This week a squadron of Marine F-35B Lightning II Joint Strike Fighters wrapped up nearly two months of training aboard the U.K. Royal Navy HMS Queen Elizabeth (R08), paving the way for U.S. and U.K. fighters to operate interchangeably when the British aircraft carrier leaves on its first deployment. Read More
U.K.’s new carrier HMS Queen Elizabeth (R08) has departed Portsmouth, England for a short cruise ahead of training drills with U.S. Marine Corps F-35B Lighting II Joint Strike Fighters, the Royal Navy announced on Wednesday. Read More
BAE Systems will close its shipyard operations in Portsmouth, U.K. in 2014 ending a tradition of 500 years of shipbuilding in region, the company announced on Wednesday. Read More
The Navy’s four public shipyards will all suffer furloughs that may affect Naval Sea Systems Command’s (NAVSEA) ability to conduct ship maintenance, Navy officials told USNI News on Tuesday.
Thousands of workers at the shipyards have been told to stay at home as the standoff between House Republicans and the Obama administration over a pending continuing resolution measure continues.
The Navy plans to inactivate the Los Angeles-class (SSN-688) arson damaged attack boat USS Miami (SSN-755) due to budget constraints, the service said in a statement provided to USNI News late Tuesday.
“The Navy notified Congress today of its intent to inactivate USS Miami as the prudent and fiscally responsible choice in the face of sequestration,” according to the Navy statement.
“Following a comprehensive damage assessment over the past year, the Navy now has a clearer picture of the work scope and cost of repairs to Miami resulting from an arson fire in 2012.” Read More
The U.S. Navy submarine damaged by an arsonist in Kittery, Maine will be repaired, said Congresswoman Carol Shea-Porter on Monday. Read More
Naval History Magazine, January 2013
The shipyard in Portsmouth, New Hampshire, turned out boats at a torrid pace, setting the gold standard for submarine construction during World War II.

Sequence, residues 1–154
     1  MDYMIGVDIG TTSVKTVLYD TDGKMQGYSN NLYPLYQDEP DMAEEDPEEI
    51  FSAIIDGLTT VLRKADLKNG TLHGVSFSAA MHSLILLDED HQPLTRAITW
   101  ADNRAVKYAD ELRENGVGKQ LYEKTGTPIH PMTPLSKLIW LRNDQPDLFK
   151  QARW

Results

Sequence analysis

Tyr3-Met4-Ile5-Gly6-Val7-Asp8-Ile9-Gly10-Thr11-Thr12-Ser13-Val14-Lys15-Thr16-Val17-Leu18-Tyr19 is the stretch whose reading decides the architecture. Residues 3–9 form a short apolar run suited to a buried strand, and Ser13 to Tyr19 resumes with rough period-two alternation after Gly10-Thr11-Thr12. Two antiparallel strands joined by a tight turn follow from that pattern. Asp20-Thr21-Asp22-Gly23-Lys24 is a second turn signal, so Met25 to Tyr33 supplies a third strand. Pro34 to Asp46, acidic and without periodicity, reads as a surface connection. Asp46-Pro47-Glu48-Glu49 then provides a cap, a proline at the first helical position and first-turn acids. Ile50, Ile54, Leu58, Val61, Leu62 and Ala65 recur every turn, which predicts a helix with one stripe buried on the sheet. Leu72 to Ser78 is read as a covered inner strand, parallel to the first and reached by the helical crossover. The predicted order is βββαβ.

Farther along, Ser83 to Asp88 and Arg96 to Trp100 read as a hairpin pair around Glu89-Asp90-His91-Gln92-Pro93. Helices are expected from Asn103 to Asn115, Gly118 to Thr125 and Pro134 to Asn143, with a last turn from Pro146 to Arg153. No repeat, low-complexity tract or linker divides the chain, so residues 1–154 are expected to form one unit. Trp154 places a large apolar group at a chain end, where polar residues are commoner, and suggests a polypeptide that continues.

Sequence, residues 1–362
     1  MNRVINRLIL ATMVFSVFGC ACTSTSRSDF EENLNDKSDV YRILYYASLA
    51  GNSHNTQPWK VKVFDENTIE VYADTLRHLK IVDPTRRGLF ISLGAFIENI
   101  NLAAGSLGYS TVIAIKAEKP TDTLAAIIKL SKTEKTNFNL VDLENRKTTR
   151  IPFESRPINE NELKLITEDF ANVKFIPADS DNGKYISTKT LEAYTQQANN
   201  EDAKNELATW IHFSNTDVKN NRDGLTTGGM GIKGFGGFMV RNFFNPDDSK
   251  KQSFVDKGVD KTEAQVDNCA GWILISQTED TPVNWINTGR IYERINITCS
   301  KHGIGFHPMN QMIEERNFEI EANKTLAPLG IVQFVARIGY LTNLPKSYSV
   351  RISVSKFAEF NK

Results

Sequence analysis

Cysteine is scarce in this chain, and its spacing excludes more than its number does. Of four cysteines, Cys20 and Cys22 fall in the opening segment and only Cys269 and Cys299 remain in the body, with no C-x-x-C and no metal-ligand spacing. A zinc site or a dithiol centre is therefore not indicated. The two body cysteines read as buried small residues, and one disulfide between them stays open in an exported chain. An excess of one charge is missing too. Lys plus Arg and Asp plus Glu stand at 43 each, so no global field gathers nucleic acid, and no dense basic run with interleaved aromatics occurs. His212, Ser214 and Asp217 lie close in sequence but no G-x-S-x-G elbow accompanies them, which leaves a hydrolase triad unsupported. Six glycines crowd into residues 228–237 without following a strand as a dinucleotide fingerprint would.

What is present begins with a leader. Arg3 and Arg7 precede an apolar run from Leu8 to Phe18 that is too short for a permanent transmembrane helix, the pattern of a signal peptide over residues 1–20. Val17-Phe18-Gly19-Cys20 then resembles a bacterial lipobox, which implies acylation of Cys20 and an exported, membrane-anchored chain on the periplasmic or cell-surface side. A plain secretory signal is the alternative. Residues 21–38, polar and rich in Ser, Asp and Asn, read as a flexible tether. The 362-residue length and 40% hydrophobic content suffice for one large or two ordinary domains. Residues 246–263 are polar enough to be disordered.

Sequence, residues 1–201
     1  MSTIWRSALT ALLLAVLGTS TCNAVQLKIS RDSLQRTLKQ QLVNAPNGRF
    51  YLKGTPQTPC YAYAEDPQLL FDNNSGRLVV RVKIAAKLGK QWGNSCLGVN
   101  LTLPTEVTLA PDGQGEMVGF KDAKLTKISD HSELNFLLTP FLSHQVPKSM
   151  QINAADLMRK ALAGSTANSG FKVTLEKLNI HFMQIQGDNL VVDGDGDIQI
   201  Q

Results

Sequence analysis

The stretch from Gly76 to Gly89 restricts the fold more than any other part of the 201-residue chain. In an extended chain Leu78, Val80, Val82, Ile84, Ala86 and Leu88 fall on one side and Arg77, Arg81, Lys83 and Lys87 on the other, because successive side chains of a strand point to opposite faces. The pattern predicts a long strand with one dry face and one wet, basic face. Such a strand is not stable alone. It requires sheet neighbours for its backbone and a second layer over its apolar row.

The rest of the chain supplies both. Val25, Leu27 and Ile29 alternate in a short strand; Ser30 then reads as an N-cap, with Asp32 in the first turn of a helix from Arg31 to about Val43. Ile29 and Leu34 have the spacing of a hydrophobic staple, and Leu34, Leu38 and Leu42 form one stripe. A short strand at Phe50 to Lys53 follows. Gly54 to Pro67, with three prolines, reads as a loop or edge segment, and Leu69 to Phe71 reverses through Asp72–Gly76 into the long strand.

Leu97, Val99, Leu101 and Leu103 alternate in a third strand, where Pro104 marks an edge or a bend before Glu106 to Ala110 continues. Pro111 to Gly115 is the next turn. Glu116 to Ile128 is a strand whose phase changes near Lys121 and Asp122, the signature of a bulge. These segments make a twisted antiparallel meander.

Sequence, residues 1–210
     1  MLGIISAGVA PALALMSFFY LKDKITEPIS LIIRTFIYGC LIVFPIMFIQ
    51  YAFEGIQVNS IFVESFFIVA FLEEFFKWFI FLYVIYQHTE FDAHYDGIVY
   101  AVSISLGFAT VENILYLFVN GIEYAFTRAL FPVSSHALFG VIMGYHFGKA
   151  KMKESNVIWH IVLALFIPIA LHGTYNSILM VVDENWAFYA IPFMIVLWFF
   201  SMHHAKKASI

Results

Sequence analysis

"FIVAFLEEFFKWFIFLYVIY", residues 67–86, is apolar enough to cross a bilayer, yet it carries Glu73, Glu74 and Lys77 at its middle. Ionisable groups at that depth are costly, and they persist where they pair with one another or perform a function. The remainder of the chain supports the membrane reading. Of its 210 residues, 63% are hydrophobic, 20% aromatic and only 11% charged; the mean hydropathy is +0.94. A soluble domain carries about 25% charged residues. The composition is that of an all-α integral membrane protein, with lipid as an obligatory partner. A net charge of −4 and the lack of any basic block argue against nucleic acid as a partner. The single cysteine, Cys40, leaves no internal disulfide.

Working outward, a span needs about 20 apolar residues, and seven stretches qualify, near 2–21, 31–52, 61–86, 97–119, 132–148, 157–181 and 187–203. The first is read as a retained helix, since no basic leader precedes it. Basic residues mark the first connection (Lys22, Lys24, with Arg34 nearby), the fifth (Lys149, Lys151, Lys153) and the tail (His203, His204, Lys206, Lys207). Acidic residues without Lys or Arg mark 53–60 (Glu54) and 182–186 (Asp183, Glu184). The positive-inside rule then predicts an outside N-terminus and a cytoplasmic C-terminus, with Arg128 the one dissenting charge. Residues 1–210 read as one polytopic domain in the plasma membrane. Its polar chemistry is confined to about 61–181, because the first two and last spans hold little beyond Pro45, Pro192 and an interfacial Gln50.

On 27 January 1944, the Portsmouth Navy Yard achieved two things no shipyard had ever done—launching three submarines simultaneously and a fourth on the same day. The Ronquil , Redfish , and Razorback lifted off their blocks in Dry Dock #1 at 1300, and a few hours later the Scabbardfish , slid down Building Way #4 into the Piscataqua River. 1 Secretary of the Navy Frank Knox sent a congratulatory message to the yard: “In the launching of four submarines in a single day, the Portsmouth Navy Yard sets another record in the submarine program.” 2 Before 1945 arrived the yard would complete a record-setting 32 submarines. No U.S. shipyard before or since has built so many submarines in a single year. 3
After averaging the completion of less than two submarines a year in the 1930s, the Portsmouth Navy Yard built 79 submarines between 1 July 1940 and 1 July 1945. 4 The average construction time for those boats was much shorter than those of the same class built at other yards. Shipyard employment also reached unprecedented heights during that time. After providing jobs for an average of about 2,000 people annually in the 1930s, in November 1943 employment peaked at 23,465.5
To examine the yard’s wartime success it is necessary to first review events in the interwar years that set the stage for the remarkable wartime production record.